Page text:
economy in many different ways. For example, buyouts of Canadian firms will cause the head
offices to be moved into the foreign countries and major decision will be made there. Another
concern is that when foreign takeover will lead to massive amount of job losses in Canada.
Many experts also believe that limitation on the foreign involvement in Canada can essentially
shield companies from competition and make them less efficient
Barriers to International Trade
Many factors can make international trade very difficult. For example;
Social and cultural differences can cause problems such as; language barriers, differences in
average age can affect the demand market, and business behavioural differs from country to
country
Economic differences can also cause issues in foreign trade. A foreign firm doing business in a
command economy must understand the unfamiliar relationship between the government and
business
Legal and political differences are related to the structure of the economic system in different
countries. These issues include tariffs and quotas, local-content laws and business-practise law.
Many countries consisting of free markets economies often use some form of quota and/or
tariff that can affect the price and quantities of foreign-made products in those nations. A
quota restricts the total number of certain products that can be imported into a country. The
ultimate form of a quota is an embargo: a government forbidding exportation and/or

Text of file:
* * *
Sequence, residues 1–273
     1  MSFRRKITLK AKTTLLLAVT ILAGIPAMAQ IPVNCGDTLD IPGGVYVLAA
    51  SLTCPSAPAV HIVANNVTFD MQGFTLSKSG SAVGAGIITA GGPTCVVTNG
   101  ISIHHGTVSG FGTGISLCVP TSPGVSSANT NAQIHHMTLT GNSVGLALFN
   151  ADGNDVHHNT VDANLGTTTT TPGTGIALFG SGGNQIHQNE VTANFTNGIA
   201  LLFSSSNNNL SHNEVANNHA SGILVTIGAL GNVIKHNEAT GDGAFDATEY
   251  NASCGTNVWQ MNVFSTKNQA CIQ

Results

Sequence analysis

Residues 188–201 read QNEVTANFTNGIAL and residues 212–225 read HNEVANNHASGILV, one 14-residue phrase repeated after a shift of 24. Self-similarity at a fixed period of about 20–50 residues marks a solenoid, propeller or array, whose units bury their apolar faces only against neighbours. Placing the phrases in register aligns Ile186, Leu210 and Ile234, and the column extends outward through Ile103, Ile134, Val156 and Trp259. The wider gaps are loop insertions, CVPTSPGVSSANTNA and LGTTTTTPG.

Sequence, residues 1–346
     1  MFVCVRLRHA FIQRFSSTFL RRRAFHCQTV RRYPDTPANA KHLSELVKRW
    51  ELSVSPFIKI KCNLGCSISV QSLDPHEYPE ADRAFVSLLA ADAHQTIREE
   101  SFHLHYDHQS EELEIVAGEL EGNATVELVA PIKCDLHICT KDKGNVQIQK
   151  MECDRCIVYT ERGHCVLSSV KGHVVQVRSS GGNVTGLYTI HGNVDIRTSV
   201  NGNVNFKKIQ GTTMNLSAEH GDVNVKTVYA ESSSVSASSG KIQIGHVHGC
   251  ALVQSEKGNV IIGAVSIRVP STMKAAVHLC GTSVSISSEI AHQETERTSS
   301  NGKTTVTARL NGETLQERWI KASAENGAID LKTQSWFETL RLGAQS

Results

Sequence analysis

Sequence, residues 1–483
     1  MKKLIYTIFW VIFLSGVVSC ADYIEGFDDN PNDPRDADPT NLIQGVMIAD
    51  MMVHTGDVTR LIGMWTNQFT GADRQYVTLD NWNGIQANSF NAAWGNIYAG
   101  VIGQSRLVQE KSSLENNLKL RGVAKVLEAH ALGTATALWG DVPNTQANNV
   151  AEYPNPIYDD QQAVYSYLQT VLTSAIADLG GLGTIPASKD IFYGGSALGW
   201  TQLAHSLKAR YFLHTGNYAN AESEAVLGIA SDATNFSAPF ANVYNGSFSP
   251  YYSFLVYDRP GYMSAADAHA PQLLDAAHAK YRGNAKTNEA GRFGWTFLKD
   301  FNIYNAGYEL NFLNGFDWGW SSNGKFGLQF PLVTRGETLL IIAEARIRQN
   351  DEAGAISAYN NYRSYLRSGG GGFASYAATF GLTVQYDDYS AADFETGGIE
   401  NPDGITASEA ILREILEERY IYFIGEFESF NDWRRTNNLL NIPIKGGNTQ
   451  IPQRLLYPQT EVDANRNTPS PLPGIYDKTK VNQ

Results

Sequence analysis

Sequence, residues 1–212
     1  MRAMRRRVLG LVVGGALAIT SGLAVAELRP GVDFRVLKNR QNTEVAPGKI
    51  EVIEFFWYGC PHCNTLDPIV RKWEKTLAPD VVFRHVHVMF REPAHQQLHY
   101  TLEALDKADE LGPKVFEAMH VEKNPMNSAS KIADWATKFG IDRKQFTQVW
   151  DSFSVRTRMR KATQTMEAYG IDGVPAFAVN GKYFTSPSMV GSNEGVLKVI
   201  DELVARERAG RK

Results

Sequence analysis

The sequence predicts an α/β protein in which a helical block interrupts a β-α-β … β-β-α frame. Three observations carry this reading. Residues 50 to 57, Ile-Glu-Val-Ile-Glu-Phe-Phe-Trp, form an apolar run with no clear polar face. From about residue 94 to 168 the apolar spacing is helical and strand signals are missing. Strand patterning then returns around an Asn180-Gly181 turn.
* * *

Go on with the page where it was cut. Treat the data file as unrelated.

importation of a product (or even all products) of a certain country. Tariffs are taxes charged
for imported products. A revenue tariff is made strictly to raise money for the government, but
most tariffs in effect today are protectionist tariffs, which are meant to discourage the
importation of a certain product. A subsidy is a government payment to help domestic business
compete with foreign firms. If a government hands out subsidy to one of its domestic
industries, it can have a negative effect on producers in other countries
- Protectionism t the practise of protecting domestic business at the expense of free
market competition. Supporters argue that tariffs and quotas protect domestic firms
and jobs, by being able to protect new industries until they are ready to go
international. On the other side, opponents of protectionism note that it reduces
competition and drives up prices for consumers. They also note that although jobs in
one industry will be loss, jobs in other countries would expand